In one tony Houston neighborhood, a house of cats. Just cats
A cat named Newman lives in Patti Thomas’ feline residence in Houston.(Loren Elliott / For The Times)
Brenda Fraley, who leads Save a Purrfect Cat Rescue, sits with Cookie, left, and Newman this month in Houston.(Loren Elliott / For The Times)
Brenda Fraley of Save a Purrfect Cat Rescue greets Sabrina the cat.(Loren Elliott / For The Times)
Brenda Fraley leads Save a Purrfect Cat Rescue, a nonprofit that aims to find new homes for felines that are usually ignored for their quirks or ailments.(Loren Elliott / For The Times)
Princess, left, and Layla lounge in the nonprofit’s Houston home.(Loren Elliott / For The Times)
Pumpkin the cat lives at the Houston home.(Loren Elliott / For The Times)
A cat named Newman is among those up for adoption at Patti Thomas’ home in Houston.(Loren Elliott / For The Times)
Newman at Patti Thomas’ Houston home.(Loren Elliott / For The Times)
Summer and Sabrina, background, at the nonprofit’s Houston house.(Loren Elliott / For The Times)
Pictures of the cats that live inside the feline residence owned by Patti Thomas in Houston.(Loren Elliott / For The Times)
Feline-themed art inside the Save a Purrfect Cat Rescue adoption center.(Loren Elliott / For The Times)
Volunteer Yesim Ari plays with cats Marshall, front, and Sinatra at the Save a Purrfect Cat Rescue adoption center in Houston.(Loren Elliott / For The Times)
Volunteer Jean Weaver plays with a cat named Pansy at the Save a Purrfect Cat Rescue adoption center in Houston.(Loren Elliott / For The Times)
Save a Purrfect Cat Rescue volunteers Yesim Ari, left, Elvira Briones and Chris Marko sit with a cat named Newman.(Loren Elliott / For The Times)
Tucked amid the townhouses in a high-end shopping district, the brick building draws scant attention. Its lawn is neat, its stairs swept. Occasionally, hissing erupts inside. But that’s to be expected. All the residents are cats.
The home with the four-legged occupants and chic ZIP Code belongs to Save a Purrfect Cat Rescue, a pet adoption nonprofit. The group’s facilities are based on the notion that cats are happiest in human environments. Nearly every detail, from the daybeds to the paintings on the walls, would fit inside a tasteful human home.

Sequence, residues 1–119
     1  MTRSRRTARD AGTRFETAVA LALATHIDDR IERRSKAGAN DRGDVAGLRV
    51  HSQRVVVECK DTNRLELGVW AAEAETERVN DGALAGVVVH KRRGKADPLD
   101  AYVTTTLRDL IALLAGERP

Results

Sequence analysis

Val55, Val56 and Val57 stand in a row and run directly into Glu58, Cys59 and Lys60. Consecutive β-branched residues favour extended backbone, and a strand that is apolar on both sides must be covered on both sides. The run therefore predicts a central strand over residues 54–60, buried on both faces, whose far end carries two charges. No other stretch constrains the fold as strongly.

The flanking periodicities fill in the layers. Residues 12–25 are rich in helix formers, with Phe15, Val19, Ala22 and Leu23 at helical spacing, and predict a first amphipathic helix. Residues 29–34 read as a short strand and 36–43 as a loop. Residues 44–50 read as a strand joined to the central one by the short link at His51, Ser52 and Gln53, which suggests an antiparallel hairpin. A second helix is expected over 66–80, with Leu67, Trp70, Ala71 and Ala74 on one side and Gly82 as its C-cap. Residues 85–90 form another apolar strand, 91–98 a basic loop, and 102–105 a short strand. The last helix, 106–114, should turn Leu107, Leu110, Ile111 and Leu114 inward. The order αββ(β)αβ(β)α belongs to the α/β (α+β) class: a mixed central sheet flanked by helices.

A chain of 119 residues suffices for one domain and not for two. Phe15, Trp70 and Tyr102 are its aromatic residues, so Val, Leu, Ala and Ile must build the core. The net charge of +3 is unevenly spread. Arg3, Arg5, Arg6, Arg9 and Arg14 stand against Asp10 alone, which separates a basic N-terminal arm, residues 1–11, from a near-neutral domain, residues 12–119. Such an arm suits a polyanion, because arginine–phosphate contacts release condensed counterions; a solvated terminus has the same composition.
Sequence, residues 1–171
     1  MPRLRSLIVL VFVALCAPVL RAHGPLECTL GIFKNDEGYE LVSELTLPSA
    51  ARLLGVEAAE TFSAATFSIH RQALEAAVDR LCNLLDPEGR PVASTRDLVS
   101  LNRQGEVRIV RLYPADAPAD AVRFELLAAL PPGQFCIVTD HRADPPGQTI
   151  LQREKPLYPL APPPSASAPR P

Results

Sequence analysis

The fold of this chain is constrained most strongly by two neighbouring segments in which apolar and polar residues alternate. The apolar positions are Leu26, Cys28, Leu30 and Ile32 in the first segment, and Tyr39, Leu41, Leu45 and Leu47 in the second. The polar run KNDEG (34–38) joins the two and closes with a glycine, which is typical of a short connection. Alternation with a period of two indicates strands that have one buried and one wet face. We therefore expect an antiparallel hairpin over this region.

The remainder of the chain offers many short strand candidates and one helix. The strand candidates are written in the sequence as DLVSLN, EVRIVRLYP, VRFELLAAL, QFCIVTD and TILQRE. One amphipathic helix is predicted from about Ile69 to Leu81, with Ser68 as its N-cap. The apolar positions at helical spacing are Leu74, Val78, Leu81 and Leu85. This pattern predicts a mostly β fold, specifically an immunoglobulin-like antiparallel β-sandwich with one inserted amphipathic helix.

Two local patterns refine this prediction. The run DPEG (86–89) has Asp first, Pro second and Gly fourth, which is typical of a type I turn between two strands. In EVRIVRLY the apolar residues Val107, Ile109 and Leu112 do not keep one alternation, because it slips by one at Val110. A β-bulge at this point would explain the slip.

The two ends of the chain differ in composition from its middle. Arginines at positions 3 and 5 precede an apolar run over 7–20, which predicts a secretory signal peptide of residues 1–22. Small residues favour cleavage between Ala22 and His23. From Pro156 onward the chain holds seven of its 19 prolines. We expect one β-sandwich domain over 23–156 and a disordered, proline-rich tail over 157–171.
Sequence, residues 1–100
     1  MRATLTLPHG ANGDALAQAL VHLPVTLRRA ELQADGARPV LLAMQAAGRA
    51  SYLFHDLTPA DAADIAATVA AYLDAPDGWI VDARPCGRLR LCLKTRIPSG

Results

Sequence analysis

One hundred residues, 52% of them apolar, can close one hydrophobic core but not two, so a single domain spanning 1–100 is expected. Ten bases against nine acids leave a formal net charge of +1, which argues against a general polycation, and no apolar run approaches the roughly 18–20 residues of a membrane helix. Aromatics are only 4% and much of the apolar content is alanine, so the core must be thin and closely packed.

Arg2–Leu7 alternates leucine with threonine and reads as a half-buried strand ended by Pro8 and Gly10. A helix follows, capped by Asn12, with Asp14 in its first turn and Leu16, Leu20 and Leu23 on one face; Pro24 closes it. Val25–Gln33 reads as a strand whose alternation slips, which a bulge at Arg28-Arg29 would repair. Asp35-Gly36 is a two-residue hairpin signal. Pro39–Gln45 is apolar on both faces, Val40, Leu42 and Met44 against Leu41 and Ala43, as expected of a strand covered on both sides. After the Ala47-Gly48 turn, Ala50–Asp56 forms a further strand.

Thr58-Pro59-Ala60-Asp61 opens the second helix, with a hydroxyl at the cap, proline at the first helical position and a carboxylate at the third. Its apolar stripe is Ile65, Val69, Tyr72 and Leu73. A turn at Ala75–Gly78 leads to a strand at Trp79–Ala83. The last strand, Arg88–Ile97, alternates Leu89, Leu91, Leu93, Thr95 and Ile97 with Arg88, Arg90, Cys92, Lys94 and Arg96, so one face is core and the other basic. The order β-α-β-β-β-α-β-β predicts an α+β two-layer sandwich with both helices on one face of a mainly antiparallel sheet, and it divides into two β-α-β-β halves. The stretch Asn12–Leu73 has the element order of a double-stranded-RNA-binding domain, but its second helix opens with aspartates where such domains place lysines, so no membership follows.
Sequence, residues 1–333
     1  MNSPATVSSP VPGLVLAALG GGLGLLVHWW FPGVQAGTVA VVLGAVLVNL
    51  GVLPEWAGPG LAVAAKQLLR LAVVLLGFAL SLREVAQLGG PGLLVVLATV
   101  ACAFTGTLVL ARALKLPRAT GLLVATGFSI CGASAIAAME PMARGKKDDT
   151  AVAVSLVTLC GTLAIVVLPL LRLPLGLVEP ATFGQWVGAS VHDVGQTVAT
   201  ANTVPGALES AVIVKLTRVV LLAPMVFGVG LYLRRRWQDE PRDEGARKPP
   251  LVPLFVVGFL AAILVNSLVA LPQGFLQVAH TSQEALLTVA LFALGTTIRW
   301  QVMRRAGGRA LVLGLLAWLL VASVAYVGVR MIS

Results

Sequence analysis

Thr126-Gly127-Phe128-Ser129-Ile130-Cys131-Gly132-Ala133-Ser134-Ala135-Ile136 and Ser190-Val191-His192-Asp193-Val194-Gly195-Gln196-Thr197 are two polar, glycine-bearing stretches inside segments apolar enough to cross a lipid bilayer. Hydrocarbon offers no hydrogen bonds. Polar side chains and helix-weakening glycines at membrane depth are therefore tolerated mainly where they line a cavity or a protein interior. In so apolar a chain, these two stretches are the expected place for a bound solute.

It’s an unusual bit of real estate by any measure. The owner, former Houstonian Patti Thomas, lives in Ghana. Her best friend, an expert cat rescuer, leads a clutch of volunteers in Houston, operating a showroom where fosters cats are presented to would-be adopters. At key moments each day, select volunteers tend the nearby house of cats. Snubbed by adopters for their quirks or ailments, the dozen or so cats in this building will likely never find homes.
Which is why Thomas gave them hers.
Inside Thomas’ old home, clean floorboards gleam in the sun. A TV screens “Hogan’s Heroes.” And bookshelves bear snoozing cats.
“Cats are 3-D,” one volunteer explains. “Dogs and cats both like to move horizontally, but cats also elevate.”
He points to a giant artificial tree trunk, where an orange tabby sleeps on one bough. “This is Newman,” the volunteer says. “And this,” he adds, motioning toward a sleek Bengal cat whose paw touches Newman’s back, “is Princess. She’s in love.”
What kind of human, with real estate worth more than $600,000, gives it up to cats? If you’re not a cat lover, it’s tempting to come up with a profile: Someone unsuccessful at friendship or love; someone blind to all the humans who are hungry and homeless. That profile would be wrong.
Raised in Illinois farm country, Patti Thomas, 71, is tall and talkative, with the air of a pioneer woman able to vanquish any obstacle on the trail. In a sense, she has.
As a student at the University of Chicago in the 1960s, she met Len Thomas, her future husband, and followed him to the Peace Corps in Ghana. After heading to New York and New Orleans to complete their studies, they returned to Ghana, where Len worked as a physician in a hospital and Patti did doctoral research in parasitology. There, they adopted their first pet, a fierce street kitten who caught flies between its paws. Finally returning to New Orleans, the couple happily raised two children and continued their social service work.
Then in 2005, just before Hurricane Katrina descended, Len was diagnosed with a terminal brain tumor. Fleeing to Houston, the family found shelter with Cambodian refugees whom they had sponsored years before. When Len died, Thomas’ daughter, then earning a statistics PhD at Rice University, persuaded her bereft mother to buy a small vintage building near the campus. Thomas soon was smitten with the new home. “I will never give this place to developers,” she said.